Still no date for Dance

COLLEGE PARK — COLLEGE PARK - For all the hand-wringing about the state of Maryland basketball and the fate of its coach, you have to give this to Gary Williams: He has coached this team right into its preferred position.

No, the Terps didn't plan it this way. Didn't draw it up like this on the blackboard. And certainly Williams never encouraged his team to lose last night's heartbreaker.


But with their postseason hopes weighing in the balance, the Terps are right where they like to be. Their backs are against the wall. The doubters are lining up. And the critics are licking their chops.

It's where Maryland often plays its best basketball. The only difference this time: With last night's 65-63 loss to Wake Forest, the Terps have left themselves no room for error. If they want to play in the NCAA tournament, they have to win.


"We know we're not going to quit," Dave Neal said. "We've come this far to show people around here that we can play with anybody in the country. We're not going to give up now."

Terps fans have been so eager this season for some sort of verdict. No, Williams doesn't keep pace with other coaches on the recruiting trail. But when it comes to coaching, to preparing his team, to squeezing every last ounce of effort from his players, look to Saturday's season finale at Virginia for final judgment on Williams' effectiveness as a basketball coach.

In the past, it's the exact kind of situation Williams has thrived in. Can he still? Can his team still?

"Come to the game Saturday," Williams said last night. "You'll see."

Crushed by last night's defeat, the Terps can hear the music. The bass is faint. The sound is muffled. But they can still hear it. To earn their way through the doors and into the Dance, however, they have to win Saturday - which would even their Atlantic Coast Conference record at 8-8 - and they'll likely have to win two games in the ACC tournament.

We've seen them respond in such situations before. They were drubbed by Duke and lost at home against Boston College. Maryland answered with an emotional home win over Miami.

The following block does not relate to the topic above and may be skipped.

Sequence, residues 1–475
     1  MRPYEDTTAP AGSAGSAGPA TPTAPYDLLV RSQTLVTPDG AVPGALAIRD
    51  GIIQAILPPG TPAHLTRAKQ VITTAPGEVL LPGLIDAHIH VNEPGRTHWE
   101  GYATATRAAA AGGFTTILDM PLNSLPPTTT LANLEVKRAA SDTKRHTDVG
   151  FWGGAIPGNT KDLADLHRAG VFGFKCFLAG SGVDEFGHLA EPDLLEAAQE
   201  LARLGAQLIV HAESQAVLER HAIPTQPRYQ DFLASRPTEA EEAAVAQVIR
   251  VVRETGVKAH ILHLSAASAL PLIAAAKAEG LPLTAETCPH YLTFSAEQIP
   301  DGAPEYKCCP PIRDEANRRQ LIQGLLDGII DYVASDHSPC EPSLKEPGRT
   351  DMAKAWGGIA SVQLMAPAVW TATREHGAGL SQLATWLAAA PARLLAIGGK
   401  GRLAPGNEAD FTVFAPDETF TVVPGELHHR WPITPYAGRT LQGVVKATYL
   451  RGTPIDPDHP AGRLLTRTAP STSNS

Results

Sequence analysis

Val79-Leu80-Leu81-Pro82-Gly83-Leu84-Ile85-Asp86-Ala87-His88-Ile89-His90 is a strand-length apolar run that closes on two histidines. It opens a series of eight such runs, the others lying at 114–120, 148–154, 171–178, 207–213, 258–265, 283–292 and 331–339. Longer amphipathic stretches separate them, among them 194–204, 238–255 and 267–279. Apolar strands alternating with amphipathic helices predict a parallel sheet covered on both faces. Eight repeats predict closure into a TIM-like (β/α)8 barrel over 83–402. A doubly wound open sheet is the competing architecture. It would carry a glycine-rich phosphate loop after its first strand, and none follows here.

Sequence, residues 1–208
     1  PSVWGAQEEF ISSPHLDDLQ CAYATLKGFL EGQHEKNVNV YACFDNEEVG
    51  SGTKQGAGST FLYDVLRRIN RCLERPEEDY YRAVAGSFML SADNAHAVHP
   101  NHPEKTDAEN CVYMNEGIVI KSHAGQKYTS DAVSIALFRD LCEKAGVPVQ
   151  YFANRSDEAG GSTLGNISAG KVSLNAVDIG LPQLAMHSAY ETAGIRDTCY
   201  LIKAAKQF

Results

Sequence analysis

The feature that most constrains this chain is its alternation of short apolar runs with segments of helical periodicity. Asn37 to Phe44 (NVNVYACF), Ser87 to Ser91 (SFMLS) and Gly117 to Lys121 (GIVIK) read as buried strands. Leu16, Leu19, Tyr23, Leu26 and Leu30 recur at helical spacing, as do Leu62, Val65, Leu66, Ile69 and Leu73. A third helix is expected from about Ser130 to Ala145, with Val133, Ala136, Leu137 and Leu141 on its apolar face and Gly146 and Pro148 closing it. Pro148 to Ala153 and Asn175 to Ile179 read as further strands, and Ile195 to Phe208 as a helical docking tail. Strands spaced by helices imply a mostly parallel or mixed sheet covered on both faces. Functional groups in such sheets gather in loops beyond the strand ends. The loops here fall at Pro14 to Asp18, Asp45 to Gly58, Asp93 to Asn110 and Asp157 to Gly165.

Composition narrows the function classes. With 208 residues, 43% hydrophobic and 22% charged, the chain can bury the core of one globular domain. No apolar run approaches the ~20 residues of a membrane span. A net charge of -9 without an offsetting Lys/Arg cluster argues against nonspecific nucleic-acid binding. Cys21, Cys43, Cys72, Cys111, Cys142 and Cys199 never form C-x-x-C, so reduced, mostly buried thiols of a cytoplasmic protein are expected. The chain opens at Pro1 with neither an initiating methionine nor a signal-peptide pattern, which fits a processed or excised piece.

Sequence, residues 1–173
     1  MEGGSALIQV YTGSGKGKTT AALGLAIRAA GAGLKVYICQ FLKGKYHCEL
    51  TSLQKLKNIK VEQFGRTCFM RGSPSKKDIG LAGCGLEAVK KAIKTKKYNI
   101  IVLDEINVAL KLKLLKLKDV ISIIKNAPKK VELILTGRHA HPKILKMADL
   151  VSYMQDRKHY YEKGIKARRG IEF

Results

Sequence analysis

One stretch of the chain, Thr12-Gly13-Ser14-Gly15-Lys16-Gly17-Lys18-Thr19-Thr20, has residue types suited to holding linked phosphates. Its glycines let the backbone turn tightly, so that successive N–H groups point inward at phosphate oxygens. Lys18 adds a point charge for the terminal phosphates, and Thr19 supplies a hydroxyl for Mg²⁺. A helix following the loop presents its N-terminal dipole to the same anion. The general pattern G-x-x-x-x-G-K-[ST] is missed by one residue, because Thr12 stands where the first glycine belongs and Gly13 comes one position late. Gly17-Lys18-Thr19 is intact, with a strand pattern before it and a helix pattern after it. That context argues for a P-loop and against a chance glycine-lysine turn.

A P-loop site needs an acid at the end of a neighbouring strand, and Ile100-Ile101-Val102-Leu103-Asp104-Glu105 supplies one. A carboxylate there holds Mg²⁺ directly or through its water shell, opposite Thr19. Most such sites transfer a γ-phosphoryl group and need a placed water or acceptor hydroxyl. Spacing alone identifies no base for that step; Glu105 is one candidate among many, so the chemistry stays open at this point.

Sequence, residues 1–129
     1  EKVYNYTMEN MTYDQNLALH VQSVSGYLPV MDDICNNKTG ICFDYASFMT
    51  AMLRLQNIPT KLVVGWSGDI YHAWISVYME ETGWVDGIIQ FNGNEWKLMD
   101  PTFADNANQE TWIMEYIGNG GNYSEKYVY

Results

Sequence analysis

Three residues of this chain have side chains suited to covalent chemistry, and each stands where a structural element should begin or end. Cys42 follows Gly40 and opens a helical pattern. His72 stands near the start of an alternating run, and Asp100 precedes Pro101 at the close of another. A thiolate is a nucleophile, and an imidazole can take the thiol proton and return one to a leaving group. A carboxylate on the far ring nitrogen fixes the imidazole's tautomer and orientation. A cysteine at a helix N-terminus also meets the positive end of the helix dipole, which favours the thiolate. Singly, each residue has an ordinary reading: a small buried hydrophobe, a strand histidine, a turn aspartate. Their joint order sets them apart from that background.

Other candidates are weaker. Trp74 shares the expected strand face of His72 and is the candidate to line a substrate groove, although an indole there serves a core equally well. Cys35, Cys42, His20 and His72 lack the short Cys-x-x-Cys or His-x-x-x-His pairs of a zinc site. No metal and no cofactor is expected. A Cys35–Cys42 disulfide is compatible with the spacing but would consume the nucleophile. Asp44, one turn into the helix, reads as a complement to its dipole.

And after losing convincingly at Clemson, they returned home to upset third-ranked North Carolina four nights later.

And after losing to Duke at Comcast Center, they hit the road to win at North Carolina State.


With their postseason hopes on the line Saturday, they have no choice but to rebound once more.

Last night, they blew an 11-point lead, struggled to find rebounds and ran out of energy in the end. They lost a game they easily could've won. Their next time on the court, there can't be any excuses. It's a familiar feeling. Perhaps even a welcome feeling.

"We're used to it by now," guard Eric Hayes said. "It's been a long season, a lot of criticism about the team. We're just used to having our backs against the wall. It's something we've been playing well with."

A year ago, the Terps similarly closed the season at Virginia with their NCAA tournament hopes on the line. They lost that one - not that it matters much to Williams. He didn't even want to entertain any comparisons last night. For him, this team is so different, its makeup and chemistry inspiring so much more confidence.

"The way we work, the way we handle things, the way we approach things, the way we've handled adversity this year," he said, "these guys have had my back all year. They've been tremendous."

Though their record to this point is similar to last year's, this season's Terps have closed against tougher opponents and despite last night's nail-biter, they're faring better down the stretch.


The big question could be: Just how many teams will the ACC send to the tournament? Most analysts are expecting seven or eight, which would bode well for the Terps.

A year ago, the ACC had only four tournament teams. Since the conference expanded after the 2003-04 season, it has sent more than five once and never more than seven.

Right now, the conference should have six locked up with three teams teetering on the bubble. While Maryland and Virginia Tech need a win apiece to finish with .500 conference records, Miami must won both of its remaining games.

With many blemishes on its resume, Maryland - even if it gets past Virginia - will need to win one, probably two, in the ACC tournament to garner serious consideration for an at-large bid.

The Terps have successfully played their way into the conversation. But there's much more that needs to be done to play their way into the NCAA tournament.